The popular Brooklyn Flea will open a summer home — its third — inside the troubled Brooklyn Bridge Park site starting in June.
The curated crafts, vintage clothing and antiques market will operate on Sundays starting June 14 beneath the Brooklyn Bridge near the corner of Old Fulton and Water streets, a location envisioned as a grand public plaza for the $350-million park and condo project that will stretch along the Brooklyn Heights and DUMBO waterfronts.
“We’re over the moon about this,” wrote the Flea’s co-founder Jonathan Butler on his real-estate blog, Brownstoner. “After all, if you’re called the Brooklyn Flea, it’s hard to imagine a more iconic location than right under the most famous bridge in the world.”
Brooklyn Bridge Park officials said the flea market’s reputation would bring thousands of visitors to the park development, which is finally being built, though only partially, after decades of promises. The first permanent sections of the park, at Pier 1, adjacent to the plaza, and Pier 6, at the foot of Atlantic Avenue, are scheduled to open by the end of this year.
“With the Brooklyn Flea located under the iconic Brooklyn Bridge, I have no doubt it will continue to build on its reputation as one of Brooklyn’s most-popular weekend attractions while raising the profile of Brooklyn Bridge Park,” said Regina Myer, president of the Brooklyn Bridge Park Development Corporation.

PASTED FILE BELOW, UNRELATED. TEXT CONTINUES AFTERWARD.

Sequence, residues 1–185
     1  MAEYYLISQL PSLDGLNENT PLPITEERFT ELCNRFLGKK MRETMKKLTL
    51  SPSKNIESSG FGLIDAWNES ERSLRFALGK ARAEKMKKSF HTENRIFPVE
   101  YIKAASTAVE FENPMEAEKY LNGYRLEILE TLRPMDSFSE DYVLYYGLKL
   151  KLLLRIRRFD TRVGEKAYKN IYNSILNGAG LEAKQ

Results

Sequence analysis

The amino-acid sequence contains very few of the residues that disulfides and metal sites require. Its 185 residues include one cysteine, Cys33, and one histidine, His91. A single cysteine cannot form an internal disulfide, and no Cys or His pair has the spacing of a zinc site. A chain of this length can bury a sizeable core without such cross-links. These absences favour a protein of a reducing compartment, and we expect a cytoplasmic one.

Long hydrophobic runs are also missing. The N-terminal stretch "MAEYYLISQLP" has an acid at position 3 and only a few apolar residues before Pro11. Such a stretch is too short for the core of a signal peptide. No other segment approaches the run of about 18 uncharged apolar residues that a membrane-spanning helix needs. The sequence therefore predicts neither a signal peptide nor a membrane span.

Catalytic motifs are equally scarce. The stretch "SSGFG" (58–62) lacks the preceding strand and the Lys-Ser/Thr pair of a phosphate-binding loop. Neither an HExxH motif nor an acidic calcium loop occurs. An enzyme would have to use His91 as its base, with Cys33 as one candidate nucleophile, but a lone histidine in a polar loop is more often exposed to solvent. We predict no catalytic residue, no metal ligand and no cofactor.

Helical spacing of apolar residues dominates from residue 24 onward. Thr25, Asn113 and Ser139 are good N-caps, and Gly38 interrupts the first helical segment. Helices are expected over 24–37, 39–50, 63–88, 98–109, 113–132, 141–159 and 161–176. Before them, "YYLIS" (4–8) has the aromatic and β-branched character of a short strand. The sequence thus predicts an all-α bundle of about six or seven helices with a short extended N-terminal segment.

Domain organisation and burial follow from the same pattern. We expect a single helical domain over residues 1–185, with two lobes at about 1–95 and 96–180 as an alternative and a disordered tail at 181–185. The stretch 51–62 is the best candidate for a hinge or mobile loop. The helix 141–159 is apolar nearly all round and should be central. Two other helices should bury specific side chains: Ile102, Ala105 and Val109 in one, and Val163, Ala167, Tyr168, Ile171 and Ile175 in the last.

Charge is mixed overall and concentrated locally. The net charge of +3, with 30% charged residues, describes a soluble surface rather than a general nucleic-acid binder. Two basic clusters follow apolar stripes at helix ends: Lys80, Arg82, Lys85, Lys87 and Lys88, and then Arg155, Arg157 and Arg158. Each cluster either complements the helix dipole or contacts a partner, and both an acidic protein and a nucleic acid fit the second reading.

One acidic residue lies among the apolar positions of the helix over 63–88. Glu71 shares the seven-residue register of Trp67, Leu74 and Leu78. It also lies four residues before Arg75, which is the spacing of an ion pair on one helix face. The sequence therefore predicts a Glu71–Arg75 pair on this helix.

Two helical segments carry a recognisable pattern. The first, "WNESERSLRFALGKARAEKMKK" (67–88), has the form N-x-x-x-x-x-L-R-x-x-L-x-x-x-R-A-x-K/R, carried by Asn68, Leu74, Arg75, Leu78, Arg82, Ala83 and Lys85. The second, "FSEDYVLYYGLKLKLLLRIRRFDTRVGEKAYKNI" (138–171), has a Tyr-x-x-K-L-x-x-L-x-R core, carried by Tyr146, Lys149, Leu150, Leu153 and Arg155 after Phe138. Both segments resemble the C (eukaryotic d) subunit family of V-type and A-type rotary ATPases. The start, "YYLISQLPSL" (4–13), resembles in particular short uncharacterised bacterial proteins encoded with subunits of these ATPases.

The Flea secured its first toehold and attracted hordes at Bishop Loughlin HS in Fort Greene last year and expanded with an indoor antiques market in DUMBO during the winter.
The new location, however, has a controversial recent history. Myer’s agency received permission to tear down the landmark Art Deco Purchase Building to make way for the proposed piazza, only to lose control of the site to its actual owner, the city Department of Transportation, which says the tract is needed as a staging area to overdue repairs to the historic bridge.
And Butler’s decision to site a new flea market on the ashes of the Purchase Building is not without some irony: Butler’s blog regularly lamented the demolition of the Depression-era structure.
But bygones are bygones for this summer, at least.
The Department of Transportation said the timing of its repairs and the space allocated to the Flea will not interfere with its needs beneath the bridge for the next few months.
Construction of passive recreation areas will continue through the summer on Pier 1 and Pier 6, which are scheduled to open late this year. More areas of open space are supposedly coming by 2012, but some crucial areas, including playing fields and kayaking cove, are on hold until more government money is procured.